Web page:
Different cases of heart conduction and ECG abnormalities and how to assess them
Dr Toni Hazell is a GP in North London
You are reviewing an ECG you arranged for a 56-year-old man with newly diagnosed hypertension. The trace is normal but the computerised report notes ‘first-degree heart block’. Looking at the patient’s record you see he has no other obvious past medical history and is on no medication.
1. What is first-degree heart block – both in terms of what it means within the heart and how that translates into ECG findings – and how common is it?
The electrical activity in the heart starts in the sinoatrial (SA) node and spreads through the atrial muscle to the atrioventricular (AV) node, then downwards through the bundle of His to the ventricles. The time taken for the depolarisation wave to spread from the SA node down to the ventricular muscle is indicated by the PR interval on the ECG, that is from the start of the P wave to the start of the QRS complex. A PR interval of more than 0.2s shows slowed conduction (which may represent delay at any point along the conduction pathway) and is known as first-degree heart block. It is estimated that around 0.5-2% of the population will have first-degree heart block. It is often asymptomatic.1,2
2. How accurate are the computer algorithms that pick up these abnormalities, and how, if the abnormality is confirmed, should it be explained to the patient?
ECG reading is difficult, and it is often tempting to rely on the computer printout. One study of junior doctors showed that the presence of the computer interpretation made no significant difference to the accuracy of the junior doctor’s reading of the ECG, which was significantly less good than the reading of senior clinicians who were used as a control.3 The computer made two major errors out of 50 ECGs. Other papers have suggested that the computer is around 95% accurate when it says that the ECG is normal, but that this accuracy drops to just over 50% for abnormal rhythms.4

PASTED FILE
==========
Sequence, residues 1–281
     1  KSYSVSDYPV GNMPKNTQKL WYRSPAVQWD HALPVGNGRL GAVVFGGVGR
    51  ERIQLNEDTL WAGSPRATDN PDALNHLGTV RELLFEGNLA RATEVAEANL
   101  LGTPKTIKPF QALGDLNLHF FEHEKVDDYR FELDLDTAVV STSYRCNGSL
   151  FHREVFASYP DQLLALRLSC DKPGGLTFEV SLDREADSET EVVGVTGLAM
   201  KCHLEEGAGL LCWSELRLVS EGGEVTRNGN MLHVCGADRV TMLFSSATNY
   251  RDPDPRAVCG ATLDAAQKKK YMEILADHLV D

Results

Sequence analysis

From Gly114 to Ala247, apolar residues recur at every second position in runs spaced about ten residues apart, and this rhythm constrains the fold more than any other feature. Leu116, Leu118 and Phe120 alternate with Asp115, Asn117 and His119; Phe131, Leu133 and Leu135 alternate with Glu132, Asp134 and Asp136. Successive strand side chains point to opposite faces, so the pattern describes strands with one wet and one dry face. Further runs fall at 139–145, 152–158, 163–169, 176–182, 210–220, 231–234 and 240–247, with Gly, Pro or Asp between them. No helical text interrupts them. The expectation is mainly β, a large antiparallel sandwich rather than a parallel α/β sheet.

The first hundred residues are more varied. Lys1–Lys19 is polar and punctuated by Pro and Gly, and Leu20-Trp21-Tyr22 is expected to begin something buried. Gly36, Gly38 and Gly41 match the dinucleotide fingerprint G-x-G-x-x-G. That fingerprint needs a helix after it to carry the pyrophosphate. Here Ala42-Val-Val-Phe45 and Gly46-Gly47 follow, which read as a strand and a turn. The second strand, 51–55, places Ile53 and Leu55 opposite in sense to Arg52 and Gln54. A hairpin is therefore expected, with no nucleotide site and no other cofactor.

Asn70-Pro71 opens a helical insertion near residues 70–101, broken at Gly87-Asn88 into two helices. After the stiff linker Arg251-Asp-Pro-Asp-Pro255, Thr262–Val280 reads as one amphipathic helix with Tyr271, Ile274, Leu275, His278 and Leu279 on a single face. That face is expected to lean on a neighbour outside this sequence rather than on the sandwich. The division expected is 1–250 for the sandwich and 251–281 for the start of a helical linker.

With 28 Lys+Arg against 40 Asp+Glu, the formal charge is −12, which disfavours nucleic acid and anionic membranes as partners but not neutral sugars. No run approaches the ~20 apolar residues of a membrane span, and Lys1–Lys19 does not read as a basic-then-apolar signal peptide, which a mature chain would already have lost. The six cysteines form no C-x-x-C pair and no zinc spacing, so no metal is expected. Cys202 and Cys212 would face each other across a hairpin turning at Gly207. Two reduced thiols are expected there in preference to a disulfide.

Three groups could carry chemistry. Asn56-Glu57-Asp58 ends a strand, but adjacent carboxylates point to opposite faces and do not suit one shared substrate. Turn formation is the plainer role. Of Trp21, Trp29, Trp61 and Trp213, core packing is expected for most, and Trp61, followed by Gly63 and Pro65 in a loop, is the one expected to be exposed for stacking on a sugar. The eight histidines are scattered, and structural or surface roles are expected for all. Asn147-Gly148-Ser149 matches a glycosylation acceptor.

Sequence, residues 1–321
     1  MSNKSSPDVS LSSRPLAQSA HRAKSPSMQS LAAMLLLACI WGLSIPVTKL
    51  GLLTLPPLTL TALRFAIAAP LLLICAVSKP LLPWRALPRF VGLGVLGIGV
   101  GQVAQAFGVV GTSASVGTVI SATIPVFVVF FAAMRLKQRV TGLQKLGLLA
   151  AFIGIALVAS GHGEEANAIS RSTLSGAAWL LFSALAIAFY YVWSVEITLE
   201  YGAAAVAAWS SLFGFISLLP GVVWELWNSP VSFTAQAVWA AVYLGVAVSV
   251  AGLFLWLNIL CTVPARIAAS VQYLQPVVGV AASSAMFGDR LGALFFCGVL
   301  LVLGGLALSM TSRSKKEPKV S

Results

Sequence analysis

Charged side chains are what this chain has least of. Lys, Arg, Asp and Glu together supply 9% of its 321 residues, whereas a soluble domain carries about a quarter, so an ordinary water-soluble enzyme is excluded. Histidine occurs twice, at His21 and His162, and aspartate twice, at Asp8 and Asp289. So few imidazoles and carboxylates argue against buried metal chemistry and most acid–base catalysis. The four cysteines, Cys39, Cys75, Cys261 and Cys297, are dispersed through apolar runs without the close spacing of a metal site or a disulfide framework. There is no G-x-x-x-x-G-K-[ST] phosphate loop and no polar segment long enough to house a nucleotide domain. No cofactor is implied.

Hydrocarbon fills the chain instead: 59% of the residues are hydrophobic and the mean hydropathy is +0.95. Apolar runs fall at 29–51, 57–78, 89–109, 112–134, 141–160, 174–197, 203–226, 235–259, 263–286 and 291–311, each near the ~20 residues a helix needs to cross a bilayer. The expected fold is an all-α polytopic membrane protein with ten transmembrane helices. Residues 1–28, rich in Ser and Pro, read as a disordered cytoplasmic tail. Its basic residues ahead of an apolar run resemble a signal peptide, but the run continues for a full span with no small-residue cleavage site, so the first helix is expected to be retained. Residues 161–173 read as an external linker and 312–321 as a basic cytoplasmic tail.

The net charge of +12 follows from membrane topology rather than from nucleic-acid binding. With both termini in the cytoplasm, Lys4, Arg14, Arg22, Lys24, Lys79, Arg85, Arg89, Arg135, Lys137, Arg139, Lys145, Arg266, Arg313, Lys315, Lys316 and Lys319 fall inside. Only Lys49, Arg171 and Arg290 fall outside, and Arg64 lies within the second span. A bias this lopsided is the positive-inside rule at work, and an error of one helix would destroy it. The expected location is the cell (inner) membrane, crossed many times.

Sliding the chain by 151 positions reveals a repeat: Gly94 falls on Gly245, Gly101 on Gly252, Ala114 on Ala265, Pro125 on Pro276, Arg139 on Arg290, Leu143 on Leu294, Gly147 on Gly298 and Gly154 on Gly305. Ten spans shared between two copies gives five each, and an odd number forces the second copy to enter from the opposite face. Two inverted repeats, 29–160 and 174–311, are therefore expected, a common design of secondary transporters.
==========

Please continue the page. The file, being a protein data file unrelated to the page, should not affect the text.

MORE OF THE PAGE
It is therefore important that all ECGs are reviewed by a person with the appropriate experience. If you feel you don’t have that experience in your practice, possible options are to address this at a CPD event, or to discuss with your CCG what support they can offer, for example via a local cardiology GPSI or the advice and guidance service.
The patient should be told that there is a block in the electrical conduction of the heart and that this is a common issue, found in up to one person in 50. Assuming that other cardiac disease is not suspected, they can be told that no treatment is needed, other than avoiding certain medications. Pathological causes can include coronary heart disease, potassium imbalance and acute illness such as endocarditis.
3. What are the implications for the patient in terms of what might develop from this – and therefore the symptoms it might cause? And what medications should be avoided?
If the patient is asymptomatic and there are no signs of underlying disease (such as coronary artery disease) then no action need be taken, but the finding should be coded in the notes. First-degree heart block is associated with increased future risks of atrial fibrillation, which is also often asymptomatic and with a small increased risk in all-cause mortality, so as with any other condition the patient should declare it when applying for any type of health-related insurance. Caution should be used when considering the use of drugs that prolong transmission across the AV node, such as ß-blockers, diltiazem and digoxin.
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